Clergy say that the church authorities were always reluctant to consider the complaints against McKeirnan. It is not clear why the church authorities were so tolerant. Was it because he possessed potentially embarrassing knowledge about senior churchmen?
Finally, in 1996, Brisbane's daily Courier Mail began exposing the church's protection of McKeirnan. The hierarchy realised that it had a public relations problem, and McKeirnan publicly stood down from his positions. A senior priest, who had responsibility for handling sexual abuse allegations about clergy (including McKeirnan), resigned from this responsibility.
Detectives from Queensland's sexual crimes squad, Taskforce Argos, interviewed McKeirnan in early 1997.
McKeirnan in courtIn December 1997, Ronald John McKeirnan appeared in Brisbane Magistrate's Court, charged with 27 counts of indecent assault and indecent dealing, involving 13 boys, aged between 12 and 15, between 1964 and 1977. The charges involved McKeirnan either groping or masturbating the boys.
The court was told that McKeirnan gave alcohol and cigarettes to boys while on camping trips and then, after they had loosened up, he molested them. He also molested boys during choir practice, while swimming, while teaching them to drive a car, and even while waiting for a church service. He allegedly inserted a thermometer into the anus of a boy during a first-aid course.
At first, McKeirnan contested the charges but later some charges were dropped in a plea bargain. In the Brisbane District Court on 19 October 1998, McKeirnan pleaded guilty concerning nine boys and was jailed.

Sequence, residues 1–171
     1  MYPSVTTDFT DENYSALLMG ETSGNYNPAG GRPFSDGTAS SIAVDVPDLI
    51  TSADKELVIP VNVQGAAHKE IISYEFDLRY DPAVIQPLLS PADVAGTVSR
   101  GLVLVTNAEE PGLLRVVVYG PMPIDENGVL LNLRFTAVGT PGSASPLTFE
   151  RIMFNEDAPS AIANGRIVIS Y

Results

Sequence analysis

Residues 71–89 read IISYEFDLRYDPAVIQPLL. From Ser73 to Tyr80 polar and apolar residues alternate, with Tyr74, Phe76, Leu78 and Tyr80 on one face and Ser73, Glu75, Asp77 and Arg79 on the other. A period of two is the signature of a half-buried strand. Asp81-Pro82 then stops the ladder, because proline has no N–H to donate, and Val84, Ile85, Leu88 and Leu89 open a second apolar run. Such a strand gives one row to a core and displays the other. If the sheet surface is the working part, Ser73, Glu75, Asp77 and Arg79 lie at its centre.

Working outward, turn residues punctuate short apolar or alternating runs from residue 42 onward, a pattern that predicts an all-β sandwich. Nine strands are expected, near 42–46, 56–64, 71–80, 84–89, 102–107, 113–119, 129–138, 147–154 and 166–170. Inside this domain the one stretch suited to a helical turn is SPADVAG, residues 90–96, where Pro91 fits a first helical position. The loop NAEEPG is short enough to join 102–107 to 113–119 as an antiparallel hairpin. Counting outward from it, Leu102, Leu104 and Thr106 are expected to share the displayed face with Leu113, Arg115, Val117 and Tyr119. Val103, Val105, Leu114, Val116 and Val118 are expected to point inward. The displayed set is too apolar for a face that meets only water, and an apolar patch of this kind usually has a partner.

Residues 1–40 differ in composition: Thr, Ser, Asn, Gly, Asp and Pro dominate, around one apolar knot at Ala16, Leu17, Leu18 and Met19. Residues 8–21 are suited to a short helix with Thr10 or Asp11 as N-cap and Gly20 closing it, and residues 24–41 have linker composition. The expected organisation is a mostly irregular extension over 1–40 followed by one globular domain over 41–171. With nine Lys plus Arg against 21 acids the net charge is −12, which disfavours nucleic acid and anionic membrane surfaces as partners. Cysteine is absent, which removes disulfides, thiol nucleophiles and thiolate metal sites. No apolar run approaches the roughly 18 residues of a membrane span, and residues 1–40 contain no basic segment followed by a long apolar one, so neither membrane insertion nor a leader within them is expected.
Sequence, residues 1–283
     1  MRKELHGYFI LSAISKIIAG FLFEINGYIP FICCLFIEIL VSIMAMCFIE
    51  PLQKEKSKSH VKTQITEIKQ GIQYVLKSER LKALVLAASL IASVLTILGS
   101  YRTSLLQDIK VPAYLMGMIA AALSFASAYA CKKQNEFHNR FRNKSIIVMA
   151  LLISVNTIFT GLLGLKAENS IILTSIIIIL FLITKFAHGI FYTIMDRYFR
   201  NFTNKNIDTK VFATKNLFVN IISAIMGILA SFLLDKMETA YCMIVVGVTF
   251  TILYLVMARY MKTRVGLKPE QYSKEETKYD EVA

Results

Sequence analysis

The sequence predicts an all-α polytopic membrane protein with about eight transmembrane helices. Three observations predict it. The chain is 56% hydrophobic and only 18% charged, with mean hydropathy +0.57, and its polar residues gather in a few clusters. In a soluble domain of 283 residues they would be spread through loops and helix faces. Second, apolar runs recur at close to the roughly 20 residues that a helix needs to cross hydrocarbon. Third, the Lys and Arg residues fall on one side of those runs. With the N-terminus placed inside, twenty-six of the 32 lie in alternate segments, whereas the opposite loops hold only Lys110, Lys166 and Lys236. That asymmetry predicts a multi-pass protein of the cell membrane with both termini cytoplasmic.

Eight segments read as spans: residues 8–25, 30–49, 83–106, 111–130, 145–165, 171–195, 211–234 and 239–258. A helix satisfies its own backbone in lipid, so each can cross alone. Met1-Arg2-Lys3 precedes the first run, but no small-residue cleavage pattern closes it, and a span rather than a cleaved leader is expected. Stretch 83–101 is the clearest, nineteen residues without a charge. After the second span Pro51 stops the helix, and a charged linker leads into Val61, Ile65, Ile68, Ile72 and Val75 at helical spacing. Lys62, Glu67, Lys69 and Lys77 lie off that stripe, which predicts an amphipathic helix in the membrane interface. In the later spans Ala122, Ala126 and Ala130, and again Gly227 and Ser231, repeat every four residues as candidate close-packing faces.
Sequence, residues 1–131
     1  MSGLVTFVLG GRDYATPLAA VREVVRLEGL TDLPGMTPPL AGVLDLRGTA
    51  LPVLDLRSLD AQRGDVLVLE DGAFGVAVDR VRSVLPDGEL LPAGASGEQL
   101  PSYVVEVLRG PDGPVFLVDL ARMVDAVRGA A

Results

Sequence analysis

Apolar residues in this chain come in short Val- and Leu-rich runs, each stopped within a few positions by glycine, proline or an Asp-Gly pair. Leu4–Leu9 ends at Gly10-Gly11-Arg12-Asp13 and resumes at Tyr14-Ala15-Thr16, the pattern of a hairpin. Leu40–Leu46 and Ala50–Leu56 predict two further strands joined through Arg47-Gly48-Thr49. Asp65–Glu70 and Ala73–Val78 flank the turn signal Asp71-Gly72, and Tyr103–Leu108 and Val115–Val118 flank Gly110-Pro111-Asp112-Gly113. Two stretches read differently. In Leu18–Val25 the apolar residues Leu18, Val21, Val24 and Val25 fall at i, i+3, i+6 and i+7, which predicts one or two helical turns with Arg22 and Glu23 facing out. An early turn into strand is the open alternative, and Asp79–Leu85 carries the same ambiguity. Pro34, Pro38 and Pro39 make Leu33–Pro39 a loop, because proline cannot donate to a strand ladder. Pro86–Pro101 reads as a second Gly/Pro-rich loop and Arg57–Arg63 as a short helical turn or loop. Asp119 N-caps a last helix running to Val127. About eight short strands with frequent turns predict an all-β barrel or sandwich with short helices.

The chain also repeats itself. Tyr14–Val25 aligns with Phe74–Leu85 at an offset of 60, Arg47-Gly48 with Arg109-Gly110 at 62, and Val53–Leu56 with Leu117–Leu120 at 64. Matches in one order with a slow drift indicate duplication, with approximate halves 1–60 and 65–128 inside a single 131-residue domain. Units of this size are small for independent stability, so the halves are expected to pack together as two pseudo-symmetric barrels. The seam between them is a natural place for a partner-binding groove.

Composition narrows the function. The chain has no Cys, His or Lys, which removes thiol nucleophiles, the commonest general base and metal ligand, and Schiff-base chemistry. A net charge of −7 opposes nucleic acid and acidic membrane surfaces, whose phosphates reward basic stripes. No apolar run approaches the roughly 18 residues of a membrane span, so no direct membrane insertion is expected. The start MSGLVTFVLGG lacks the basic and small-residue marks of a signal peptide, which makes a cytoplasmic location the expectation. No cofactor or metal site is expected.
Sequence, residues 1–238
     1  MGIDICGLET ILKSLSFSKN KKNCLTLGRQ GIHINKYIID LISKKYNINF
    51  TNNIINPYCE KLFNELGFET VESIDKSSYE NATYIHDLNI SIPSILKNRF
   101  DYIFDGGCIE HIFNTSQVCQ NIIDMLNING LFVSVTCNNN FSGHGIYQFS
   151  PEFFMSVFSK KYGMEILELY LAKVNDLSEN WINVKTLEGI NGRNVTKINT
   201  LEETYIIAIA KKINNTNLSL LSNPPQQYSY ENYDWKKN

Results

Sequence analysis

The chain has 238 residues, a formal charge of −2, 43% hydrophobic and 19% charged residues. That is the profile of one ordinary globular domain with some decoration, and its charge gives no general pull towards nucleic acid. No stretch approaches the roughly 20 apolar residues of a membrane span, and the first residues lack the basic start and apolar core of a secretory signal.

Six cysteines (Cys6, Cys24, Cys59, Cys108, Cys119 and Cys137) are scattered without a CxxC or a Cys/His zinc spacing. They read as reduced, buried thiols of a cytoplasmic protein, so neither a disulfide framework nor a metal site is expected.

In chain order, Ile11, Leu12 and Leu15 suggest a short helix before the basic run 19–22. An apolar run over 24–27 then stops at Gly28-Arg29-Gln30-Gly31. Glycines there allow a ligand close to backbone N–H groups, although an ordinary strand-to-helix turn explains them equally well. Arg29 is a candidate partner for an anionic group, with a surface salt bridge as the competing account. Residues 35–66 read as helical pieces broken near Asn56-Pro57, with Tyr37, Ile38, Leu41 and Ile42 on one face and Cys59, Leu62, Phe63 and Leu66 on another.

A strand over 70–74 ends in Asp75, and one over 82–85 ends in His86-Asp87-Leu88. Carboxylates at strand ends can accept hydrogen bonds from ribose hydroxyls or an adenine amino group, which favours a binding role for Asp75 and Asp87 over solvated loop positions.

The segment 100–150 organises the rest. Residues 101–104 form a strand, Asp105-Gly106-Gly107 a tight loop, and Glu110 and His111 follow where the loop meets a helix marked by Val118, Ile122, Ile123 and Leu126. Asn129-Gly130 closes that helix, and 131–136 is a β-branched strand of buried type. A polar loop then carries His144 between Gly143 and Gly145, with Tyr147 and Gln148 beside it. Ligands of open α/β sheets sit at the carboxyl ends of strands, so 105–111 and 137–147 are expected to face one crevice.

Prosecutor Carl Heaton said that McKeirnan's place of high respect in the community was why the incidents were kept secret for so long.
"The complainants felt as though there was little they could do — it would be their word against his," Mr Heaton said.
Sentencing McKeirnan, Chief Judge Pat Shanahan said that McKeirnan had been welcomed into the homes of the parents of the boys because of his profile as a religious person. He said that McKeirnan's crimes had had a "catastrophic effect" on his victims, with the impact carrying over into their adulthood.
McKeirnan was sentenced to three years' jail, with parole after one year.
Archbishop John Bathersby immediately issued a press statement, claiming that the Catholic Church [unlike the rest of the community] previously had "no clear understanding of sexual offences against children and minors".
[However, throughout McKiernan's career, church leaders must have been aware that sexual abuse of children was against the law, and that such crimes ought to have been reported to the police 30 years earlier. Instead, McKeirnan survived in church work until the police caught up with him in 1997.]
The Brisbane Courier Mail published articles about McKeirnan in the late 1990s including 27-8-1996, 28-9-96, 29-8-96, 21-11-96, 23-12-97, 20-3-98, 21-3-98, 20-10-98, 22-10-98, 24-10-98.
McKeirnan convicted againIn 2003 (according to the Courier Mail, 5 June 2003), McKeirnan appeared in the Brisbane District Court and was given a further three years wholly-suspended jail for sex offences he committed 26 years earlier. He pleaded guilty to three charges of indecent treatment of a boy between January 1976 and January 1977. That is, these incidents occurred after McKeirnan's trip to the United States and after his appointment to the Catholic Education Office.
The court was told that the complainant did not come forward until after McKeirnan was sentenced in 1998. The victim made allegations about being touched by McKeirnan during incidents at Caboolture, north of Brisbane, on a trip between Brisbane and Toowoomba, and in Toowoomba.
Judge Warren Howell said McKeirnan had already served his 12 months in jail and the three years’ sentence had expired, so the judge considered that a fully suspended sentence was appropriate.